Chimeric humanized liver rodent models are being used by those at the forefront of biomedical and drug discovery research. These humanized models allow for critical in-vivo research to evaluate everything from human-specific drug toxicity to gene therapies. One area where humanized liver rodent models could offer tremendous potential is in the study of diabetes-related treatments. A recent article published in Biomedical and Biophysical Research Communications not only discusses AAV-based gene therapy for the treatment of diabetes in humans, but it also describes the benefits of humanized liver models in pre-clinical research.
In 2000, the otherwise promising drug, troglitazone, was discontinued as an unexpected side effect of this treatment included fatal hepatic failure. Unfortunately, this secondary effect in humans was not observed in traditional animal experiments due to the significant differences between the way human livers and rodent livers metabolize troglitazone. Chimeric humanized liver models have been shown to be an effective tool to allow biomedical researchers to better detect toxicity issues, such as this drug induced liver injury (DILI), early on in the pre-clinical trials to help avoid future accidental deaths.
Beyond its ability to better predict hepatic reactions in humans, humanized liver mice were also determined to provide a good predictive model for human response to AAV-based gene therapies. Using adeno-associated virus (AAV) carrying the PDX1 gene for delivery of liver-specific transgenes that ultimately convert liver cells into insulin-producing cells, has the potential to be a game changer for people suffering from diabetes. Though there is still a long way to go before these gene therapies are ready for patient use, based on this preliminary study, the researchers hypothesize that this method could treat human diabetes without a secondary effect.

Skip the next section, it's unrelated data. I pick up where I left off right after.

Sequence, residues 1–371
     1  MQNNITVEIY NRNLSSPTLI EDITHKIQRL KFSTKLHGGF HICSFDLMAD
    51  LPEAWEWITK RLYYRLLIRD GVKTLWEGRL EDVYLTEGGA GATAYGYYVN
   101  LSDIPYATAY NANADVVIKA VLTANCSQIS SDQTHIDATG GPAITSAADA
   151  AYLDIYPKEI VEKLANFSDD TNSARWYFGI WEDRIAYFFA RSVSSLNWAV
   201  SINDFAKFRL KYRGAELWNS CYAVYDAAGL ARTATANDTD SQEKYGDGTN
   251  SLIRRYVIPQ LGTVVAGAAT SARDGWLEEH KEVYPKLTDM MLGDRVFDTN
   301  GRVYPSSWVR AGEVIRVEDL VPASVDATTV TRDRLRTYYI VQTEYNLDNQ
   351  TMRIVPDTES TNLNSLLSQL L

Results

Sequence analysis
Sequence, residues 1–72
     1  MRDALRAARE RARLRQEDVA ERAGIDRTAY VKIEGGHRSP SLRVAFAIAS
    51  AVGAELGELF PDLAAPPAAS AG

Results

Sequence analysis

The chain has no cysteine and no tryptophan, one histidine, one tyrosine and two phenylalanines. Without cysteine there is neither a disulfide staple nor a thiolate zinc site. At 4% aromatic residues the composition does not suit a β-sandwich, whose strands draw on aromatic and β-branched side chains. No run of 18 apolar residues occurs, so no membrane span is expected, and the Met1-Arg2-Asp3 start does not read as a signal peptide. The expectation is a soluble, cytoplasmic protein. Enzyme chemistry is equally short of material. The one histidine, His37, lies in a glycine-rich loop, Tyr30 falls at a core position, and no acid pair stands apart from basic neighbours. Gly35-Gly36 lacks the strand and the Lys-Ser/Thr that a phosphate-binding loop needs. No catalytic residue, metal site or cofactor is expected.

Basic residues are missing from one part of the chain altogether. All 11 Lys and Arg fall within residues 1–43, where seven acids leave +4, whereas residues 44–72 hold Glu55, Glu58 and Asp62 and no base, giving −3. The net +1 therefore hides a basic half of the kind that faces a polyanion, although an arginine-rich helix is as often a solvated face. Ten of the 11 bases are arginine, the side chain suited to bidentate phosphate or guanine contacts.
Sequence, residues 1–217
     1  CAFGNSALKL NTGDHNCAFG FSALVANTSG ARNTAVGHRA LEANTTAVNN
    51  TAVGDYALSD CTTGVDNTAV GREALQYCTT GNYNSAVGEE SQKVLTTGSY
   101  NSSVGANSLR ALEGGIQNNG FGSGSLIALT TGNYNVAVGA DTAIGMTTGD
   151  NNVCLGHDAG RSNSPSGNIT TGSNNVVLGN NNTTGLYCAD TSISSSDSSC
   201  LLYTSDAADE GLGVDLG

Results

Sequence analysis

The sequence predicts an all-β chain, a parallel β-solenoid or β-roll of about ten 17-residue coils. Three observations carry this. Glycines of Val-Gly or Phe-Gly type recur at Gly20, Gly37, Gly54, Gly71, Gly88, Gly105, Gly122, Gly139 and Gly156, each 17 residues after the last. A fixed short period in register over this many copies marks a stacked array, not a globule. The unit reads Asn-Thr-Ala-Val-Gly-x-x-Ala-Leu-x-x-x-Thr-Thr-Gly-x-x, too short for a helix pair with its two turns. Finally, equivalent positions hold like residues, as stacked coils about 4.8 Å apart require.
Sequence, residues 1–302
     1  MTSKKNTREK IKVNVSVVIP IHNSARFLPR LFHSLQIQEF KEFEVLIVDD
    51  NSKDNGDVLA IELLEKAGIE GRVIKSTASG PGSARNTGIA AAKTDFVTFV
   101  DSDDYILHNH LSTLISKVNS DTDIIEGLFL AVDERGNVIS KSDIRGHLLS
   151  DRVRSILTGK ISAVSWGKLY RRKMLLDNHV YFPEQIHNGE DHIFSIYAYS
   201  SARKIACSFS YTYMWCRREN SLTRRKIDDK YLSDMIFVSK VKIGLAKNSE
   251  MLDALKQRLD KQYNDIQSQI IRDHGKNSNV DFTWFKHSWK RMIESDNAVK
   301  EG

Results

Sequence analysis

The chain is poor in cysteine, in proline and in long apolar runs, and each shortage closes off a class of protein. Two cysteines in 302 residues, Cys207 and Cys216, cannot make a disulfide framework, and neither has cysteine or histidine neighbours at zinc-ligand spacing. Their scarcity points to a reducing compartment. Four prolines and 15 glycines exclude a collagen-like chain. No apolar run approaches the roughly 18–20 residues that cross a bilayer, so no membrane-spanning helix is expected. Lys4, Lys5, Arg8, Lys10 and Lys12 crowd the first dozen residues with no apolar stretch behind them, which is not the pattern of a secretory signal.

Therefore, it is reasonable to believe that humanized liver rodents, could be used to examine AAV transduction of human hepatocytes in vivo and more accurately predict clinical transduction efficiency as compared to non-humanized rodent models.